Judge Susan Sniegowski agreed with the prosecutor, acknowledging that she understood Blake’s family’s grief and their frustrations. However, she had to sentence Hackert based on the charges filed by the prosecutor, as required by law.

MCP acquired the police and medical examiner reports on the case from Greg Wilson, who had acquired the documents through Michigan’s Freedom of Information Act.

The medical examiner’s report states that Wilson had “elevated (but not necessarily) lethal levels of opiates and soporific (alprazolam).” The toxicology report states that Wilson had varying levels of alprazolam, dihydrocodeine/hydrocodol-free, hydrocodone and hydromorphone in his blood.
​The death certificate lists the cause of death as “respiratory failure; opioid intoxication,” which is why the prosecution could not directly charge Hackert for being responsible for Blake’s death. Xanax (alprazolam) is not an opioid. It is a benzodiazepine used to treat anxiety disorder, panic disorders, and anxiety. According to the drug label’s warnings, it can cause paranoid or suicidal ideation and impair memory, judgment, and coordination. Combining with other substances, particularly alcohol, it can slow breathing and possibly lead to death. It is not an opioid but is considered one of the most frequently abused prescribed pharmaceuticals.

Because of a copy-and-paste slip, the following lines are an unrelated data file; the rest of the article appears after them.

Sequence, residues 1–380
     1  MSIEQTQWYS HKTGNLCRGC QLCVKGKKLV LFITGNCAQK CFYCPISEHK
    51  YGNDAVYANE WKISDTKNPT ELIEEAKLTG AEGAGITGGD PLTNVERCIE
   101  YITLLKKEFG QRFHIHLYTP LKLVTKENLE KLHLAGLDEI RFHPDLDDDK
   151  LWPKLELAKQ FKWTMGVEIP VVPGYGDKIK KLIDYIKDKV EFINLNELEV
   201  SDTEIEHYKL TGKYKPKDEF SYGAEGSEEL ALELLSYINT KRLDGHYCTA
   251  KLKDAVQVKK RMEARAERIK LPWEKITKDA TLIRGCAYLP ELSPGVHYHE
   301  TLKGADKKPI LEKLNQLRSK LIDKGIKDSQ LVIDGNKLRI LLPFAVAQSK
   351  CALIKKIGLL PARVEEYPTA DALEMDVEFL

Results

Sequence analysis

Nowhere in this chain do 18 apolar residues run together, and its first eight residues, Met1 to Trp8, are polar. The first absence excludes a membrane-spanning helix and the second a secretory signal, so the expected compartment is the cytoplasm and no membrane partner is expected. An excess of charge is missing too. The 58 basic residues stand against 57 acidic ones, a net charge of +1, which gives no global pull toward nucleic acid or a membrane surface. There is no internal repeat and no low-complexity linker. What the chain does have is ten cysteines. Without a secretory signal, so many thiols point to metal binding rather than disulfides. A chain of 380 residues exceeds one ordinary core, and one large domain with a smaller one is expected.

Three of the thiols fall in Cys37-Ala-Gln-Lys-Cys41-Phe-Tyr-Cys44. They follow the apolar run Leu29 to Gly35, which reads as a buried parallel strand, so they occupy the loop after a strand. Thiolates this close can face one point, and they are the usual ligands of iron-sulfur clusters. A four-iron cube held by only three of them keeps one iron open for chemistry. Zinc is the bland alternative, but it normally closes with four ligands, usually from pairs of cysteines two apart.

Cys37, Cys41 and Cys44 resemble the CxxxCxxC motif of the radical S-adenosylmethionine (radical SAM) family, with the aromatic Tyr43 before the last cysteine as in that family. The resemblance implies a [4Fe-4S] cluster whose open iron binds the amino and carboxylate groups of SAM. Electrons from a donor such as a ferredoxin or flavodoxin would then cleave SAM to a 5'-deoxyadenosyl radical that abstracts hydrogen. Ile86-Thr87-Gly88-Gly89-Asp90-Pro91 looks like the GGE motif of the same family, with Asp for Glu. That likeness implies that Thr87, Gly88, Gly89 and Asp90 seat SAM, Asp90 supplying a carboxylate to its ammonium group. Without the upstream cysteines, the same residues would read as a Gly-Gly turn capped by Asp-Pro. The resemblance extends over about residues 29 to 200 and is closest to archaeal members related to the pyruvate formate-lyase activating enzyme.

​While the police investigation kept leading back to Hackert, there was no proof of her selling opioids to Blake, only the alprazolam. This fact, though, does not negate the grief that Greg Wilson has felt since his son’s death.
​“I don’t think the court sees the suffering that the family goes through,” Greg Wilson said. “I wish that Mr. Spaniola and the court could take a minute and think about if it was one of their family members.”
Blake Wilson was married and the father of three children, ages 13, 9, and 3.
Greg said Blake had an opioid addiction, caused from a dependency on pain medication due to a back injury.
​“Blake was a hard worker. He had a very good job and he got addicted,” Greg said. “He couldn’t break free of them so I took him down to a rehab center in Grand Rapids where he made an attempt to get free. That was two years ago and he was doing well. Somewhere along the line he relapsed.”
Emergency crews were dispatched to Blake’s house, 203 N. Harrison St., at 9:51 a.m. on March 18, 2017. Blake’s wife, Mckayla, called 911 and reported that he was not breathing and that an overdose was suspected, according to the police report. LPD Sgt. Steven Wietrzkowski and Officer Wells were the first to respond. Wietrzkowski attached an AED (automated external defibrillator) and the officers administered a dosage of Narcan spray into Blake’s nose.